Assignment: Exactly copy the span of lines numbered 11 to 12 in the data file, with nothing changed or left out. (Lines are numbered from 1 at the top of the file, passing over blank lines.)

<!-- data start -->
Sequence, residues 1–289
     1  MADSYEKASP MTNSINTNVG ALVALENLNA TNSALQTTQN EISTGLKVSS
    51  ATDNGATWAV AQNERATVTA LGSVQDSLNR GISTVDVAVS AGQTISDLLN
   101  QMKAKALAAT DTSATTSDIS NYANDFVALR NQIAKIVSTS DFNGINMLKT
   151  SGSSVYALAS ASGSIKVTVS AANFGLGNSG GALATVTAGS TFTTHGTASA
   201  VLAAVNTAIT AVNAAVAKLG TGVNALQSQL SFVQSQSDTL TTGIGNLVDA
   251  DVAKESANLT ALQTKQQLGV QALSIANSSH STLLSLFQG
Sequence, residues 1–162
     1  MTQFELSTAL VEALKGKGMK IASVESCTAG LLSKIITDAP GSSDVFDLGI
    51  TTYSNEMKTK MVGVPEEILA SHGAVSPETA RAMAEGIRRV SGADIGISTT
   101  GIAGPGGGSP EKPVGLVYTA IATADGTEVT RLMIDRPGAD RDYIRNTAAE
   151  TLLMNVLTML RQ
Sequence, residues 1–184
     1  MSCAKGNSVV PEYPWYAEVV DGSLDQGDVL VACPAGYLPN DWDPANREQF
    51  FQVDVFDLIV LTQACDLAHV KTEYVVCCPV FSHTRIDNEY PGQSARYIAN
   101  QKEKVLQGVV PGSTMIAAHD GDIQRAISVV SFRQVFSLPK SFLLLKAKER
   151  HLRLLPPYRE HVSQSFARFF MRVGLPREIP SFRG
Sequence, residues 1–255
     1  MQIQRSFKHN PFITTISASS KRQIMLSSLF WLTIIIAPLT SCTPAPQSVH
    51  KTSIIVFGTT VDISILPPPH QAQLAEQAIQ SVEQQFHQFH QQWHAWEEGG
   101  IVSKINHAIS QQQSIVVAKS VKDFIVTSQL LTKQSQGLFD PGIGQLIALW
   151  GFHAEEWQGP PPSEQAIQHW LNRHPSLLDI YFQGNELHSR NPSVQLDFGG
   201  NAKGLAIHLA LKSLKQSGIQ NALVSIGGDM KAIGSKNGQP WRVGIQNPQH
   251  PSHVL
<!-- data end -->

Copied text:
   101  GIAGPGGGSP EKPVGLVYTA IATADGTEVT RLMIDRPGAD RDYIRNTAAE
   151  TLLMNVLTML RQ